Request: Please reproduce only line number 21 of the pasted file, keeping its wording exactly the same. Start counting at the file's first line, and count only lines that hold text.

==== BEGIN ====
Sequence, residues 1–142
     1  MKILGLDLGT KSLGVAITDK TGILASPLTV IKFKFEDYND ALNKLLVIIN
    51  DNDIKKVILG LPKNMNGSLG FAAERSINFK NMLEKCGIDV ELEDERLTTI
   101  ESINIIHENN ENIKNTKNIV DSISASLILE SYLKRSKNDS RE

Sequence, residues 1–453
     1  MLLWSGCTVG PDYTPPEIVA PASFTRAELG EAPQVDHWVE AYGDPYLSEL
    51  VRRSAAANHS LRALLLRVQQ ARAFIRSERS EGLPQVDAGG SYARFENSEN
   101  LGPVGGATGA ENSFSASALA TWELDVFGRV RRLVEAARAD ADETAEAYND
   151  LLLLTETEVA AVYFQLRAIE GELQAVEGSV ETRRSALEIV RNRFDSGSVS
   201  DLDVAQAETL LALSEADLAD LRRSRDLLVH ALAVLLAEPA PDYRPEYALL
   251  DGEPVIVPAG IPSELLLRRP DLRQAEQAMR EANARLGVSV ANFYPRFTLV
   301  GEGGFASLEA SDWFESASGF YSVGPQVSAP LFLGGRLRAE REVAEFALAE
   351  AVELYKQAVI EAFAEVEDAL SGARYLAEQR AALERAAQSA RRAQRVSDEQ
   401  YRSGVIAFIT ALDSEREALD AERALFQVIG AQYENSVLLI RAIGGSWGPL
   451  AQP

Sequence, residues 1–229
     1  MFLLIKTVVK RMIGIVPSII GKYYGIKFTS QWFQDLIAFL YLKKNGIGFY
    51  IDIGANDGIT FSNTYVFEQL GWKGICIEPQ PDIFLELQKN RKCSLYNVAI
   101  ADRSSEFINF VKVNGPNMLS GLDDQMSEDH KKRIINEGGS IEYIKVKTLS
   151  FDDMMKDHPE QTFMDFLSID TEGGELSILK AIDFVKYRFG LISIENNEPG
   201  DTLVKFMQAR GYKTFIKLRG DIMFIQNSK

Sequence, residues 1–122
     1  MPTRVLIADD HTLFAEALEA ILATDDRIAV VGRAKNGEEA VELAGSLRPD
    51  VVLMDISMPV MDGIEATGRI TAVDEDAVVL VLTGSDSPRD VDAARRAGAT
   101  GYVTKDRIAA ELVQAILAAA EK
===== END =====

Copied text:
   201  DTLVKFMQAR GYKTFIKLRG DIMFIQNSK